FIG. 2 shows the sequential opening of a switch which comprises a stationary portion 21 and a slidable portion 22. Electrical connection from the device assembly 1 is made through stationary terminal 23. When the switch is closed (FIG. 2A), terminal 23 is in physical contact with slidable portion 22. When a specific event (e.g. a voltage surge) occurs, the contact is broken between the portions of the switch, and slidable portion 22 moves away from stationary portion 21 (FIG. 2B). When the switch is completely open, the terminal 23 is physically separated from the slidable portion 22 of the switch (FIG. 2C).
FIGS. 3 and 4 show cross-sectional views of composite device assemblies 30 of the invention. Each assembly shown comprises three devices 31 which are adjacent to, and electrically in series with, one another. The devices comprise a PTC element 32 and two electrodes 33, although in some embodiments in which the devices are in physical and thermal contact, some or all of the devices need have only a single electrode. Electrical leads 34 are attached to the opposite faces of the assembly stack in order to make electrical connection to a power supply or circuit. The assembly of FIG. 3 comprises devices of the same size, although, as shown in FIG. 4, devices of different sizes and/or comprising compositions of different resistivities may be used.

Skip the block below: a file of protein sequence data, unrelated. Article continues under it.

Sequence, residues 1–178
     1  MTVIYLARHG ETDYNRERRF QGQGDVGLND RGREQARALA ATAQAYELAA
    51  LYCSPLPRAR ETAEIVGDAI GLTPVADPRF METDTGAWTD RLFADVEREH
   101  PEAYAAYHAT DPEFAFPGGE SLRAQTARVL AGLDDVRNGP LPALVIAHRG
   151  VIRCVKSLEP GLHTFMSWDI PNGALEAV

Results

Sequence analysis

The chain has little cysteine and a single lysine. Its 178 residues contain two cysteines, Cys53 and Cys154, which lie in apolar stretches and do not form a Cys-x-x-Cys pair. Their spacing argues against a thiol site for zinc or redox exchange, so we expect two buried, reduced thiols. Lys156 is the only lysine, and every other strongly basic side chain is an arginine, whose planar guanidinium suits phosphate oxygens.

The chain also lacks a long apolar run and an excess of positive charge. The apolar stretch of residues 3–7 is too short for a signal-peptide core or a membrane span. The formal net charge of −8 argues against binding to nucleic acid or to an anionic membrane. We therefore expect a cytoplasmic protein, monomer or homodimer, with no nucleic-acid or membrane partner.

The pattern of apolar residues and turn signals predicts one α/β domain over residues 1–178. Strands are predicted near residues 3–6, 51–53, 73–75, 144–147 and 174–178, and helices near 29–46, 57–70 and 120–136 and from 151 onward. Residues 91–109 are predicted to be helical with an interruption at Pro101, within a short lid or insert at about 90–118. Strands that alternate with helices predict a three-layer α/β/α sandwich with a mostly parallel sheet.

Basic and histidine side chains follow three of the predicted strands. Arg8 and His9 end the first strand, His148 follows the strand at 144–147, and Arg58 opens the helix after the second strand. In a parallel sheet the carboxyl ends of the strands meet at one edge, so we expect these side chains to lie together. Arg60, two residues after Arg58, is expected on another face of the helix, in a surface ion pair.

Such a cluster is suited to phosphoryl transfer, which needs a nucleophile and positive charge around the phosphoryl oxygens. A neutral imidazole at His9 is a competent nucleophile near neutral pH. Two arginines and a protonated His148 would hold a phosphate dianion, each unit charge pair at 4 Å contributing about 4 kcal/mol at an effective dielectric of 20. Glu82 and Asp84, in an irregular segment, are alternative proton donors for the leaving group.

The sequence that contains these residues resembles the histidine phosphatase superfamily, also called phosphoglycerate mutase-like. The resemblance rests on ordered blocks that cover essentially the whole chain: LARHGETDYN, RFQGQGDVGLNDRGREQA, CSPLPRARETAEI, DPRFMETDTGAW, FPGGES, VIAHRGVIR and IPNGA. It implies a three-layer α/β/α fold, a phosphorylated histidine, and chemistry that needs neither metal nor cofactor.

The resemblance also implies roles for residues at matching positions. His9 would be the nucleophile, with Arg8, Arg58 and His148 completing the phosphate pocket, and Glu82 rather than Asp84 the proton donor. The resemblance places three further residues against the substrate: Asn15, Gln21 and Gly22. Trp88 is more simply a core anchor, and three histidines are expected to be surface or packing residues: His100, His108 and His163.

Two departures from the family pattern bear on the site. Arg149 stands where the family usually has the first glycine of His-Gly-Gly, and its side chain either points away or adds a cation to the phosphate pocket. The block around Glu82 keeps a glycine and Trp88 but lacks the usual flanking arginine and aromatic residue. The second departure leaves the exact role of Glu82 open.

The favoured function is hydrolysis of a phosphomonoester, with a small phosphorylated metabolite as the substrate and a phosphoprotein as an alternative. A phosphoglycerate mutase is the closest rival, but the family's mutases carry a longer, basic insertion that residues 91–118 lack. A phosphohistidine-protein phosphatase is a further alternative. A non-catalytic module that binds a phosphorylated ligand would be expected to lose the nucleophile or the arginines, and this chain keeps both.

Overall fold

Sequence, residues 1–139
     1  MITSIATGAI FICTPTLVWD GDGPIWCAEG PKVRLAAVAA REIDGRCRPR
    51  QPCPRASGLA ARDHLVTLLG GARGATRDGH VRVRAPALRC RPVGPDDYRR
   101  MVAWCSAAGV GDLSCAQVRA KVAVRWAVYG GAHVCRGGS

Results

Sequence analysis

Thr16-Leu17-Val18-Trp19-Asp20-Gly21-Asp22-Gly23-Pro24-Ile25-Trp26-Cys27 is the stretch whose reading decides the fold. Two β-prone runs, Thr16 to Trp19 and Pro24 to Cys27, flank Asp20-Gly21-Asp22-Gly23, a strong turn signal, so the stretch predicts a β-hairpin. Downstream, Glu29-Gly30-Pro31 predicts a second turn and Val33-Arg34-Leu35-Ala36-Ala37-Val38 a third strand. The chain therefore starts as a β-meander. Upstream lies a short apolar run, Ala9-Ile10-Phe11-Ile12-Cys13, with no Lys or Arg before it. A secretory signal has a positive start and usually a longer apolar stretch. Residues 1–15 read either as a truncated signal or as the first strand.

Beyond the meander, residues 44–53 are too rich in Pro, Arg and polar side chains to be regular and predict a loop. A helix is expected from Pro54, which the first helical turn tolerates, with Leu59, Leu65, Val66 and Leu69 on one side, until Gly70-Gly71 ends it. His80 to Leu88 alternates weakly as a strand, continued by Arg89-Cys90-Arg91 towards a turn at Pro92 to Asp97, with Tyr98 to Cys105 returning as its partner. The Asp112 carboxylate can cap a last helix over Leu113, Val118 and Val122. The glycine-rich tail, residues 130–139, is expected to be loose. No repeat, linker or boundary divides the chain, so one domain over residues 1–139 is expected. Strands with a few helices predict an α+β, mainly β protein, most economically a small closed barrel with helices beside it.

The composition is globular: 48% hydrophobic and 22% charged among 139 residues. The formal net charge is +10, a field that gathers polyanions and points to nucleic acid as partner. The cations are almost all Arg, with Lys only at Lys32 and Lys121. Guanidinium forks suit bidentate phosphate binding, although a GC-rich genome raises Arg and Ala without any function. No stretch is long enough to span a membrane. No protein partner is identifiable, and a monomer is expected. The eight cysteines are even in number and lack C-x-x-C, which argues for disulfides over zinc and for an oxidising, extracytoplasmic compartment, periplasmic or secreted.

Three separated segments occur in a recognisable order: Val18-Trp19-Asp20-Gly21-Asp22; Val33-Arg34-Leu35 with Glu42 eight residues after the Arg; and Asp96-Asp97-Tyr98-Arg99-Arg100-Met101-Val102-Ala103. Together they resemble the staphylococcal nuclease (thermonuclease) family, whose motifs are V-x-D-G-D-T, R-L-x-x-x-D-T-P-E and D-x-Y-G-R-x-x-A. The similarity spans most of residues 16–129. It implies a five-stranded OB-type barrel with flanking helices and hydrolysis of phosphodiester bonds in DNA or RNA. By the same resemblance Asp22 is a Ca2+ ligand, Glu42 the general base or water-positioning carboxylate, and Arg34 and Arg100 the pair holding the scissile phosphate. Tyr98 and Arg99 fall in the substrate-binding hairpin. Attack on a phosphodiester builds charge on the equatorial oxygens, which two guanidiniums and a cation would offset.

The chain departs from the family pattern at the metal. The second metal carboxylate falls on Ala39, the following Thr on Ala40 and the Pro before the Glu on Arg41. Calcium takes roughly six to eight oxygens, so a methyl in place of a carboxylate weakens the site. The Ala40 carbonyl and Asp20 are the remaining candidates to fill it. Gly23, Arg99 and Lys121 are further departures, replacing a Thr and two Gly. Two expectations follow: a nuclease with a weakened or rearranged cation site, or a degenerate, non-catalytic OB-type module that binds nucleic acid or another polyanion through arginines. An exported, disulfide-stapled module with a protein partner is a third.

FIG. 5 is a plan view of a composite device assembly 50. A substrate 51 which comprises a PTC composition is laminated, printed, or otherwise supplied with metal electrode strips 52. Slots 53 may be machined or etched through the thickness of the PTC substrate and lead wire 54 may be attached to individual devices 55 in order to produce the desired series/parallel configuration.
FIG. 6 shows a cross-sectional view on line 6-6 of FIG. 5 in which the PTC substrate 51 comprises a conductive polymer.
The invention is illustrated by the following examples.
A conductive polymer composition was prepared by mixing the following ingredients (by volume) in a Banbury mixer: 56.7% high density polyethylene (Marlex 6003, available from Phillips Petroleum), 25.1% carbon black (Sterling SO, available from Cabot), 16.5% silane-coated alumina trihydrate (Solem 916SP, available from J. M. Huber), and 1.7% antioxidant (an oligomer of 4,4-thio bis(3-methyl 1-6-t-butyl phenol) as described in U.S. Pat. No. 3,986,981). Using a Brabender crosshead extruder fitted with a dogbone-shaped die, pellets of the composition were melt-extruded around two 20 AWG 19/32 nickel-coated copper wires which had been coated with a graphite/silicate composition (Electrodag 181, available from Acheson Colloids). The extrudate was cut into pieces, and the conductive polymer was removed from part of the device to expose the electrodes. The devices were heat-treated at 150° C. in nitrogen for one hour, irradiated with a 1.5 MeV electron beam to a dose of 20 Mrad, heat-treated a second time, irradiated to a dose of 150 Mrad, and heat-treated a third time. After processing, the devices had a resistance of 16.5 to 18.5 ohms and had maximum voltage and current ratings of 600 volts and 1 amp, respectively.